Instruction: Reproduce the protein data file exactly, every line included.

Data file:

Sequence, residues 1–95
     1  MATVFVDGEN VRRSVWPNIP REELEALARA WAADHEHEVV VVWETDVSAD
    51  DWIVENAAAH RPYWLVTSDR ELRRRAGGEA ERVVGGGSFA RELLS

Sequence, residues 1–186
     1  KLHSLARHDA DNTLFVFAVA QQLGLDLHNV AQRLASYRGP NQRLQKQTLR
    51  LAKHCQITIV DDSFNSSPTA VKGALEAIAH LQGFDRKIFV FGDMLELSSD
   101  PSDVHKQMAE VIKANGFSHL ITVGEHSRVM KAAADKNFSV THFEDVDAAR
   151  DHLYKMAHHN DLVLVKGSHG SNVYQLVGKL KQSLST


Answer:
Sequence, residues 1–95
     1  MATVFVDGEN VRRSVWPNIP REELEALARA WAADHEHEVV VVWETDVSAD
    51  DWIVENAAAH RPYWLVTSDR ELRRRAGGEA ERVVGGGSFA RELLS

Sequence, residues 1–186
     1  KLHSLARHDA DNTLFVFAVA QQLGLDLHNV AQRLASYRGP NQRLQKQTLR
    51  LAKHCQITIV DDSFNSSPTA VKGALEAIAH LQGFDRKIFV FGDMLELSSD
   101  PSDVHKQMAE VIKANGFSHL ITVGEHSRVM KAAADKNFSV THFEDVDAAR
   151  DHLYKMAHHN DLVLVKGSHG SNVYQLVGKL KQSLST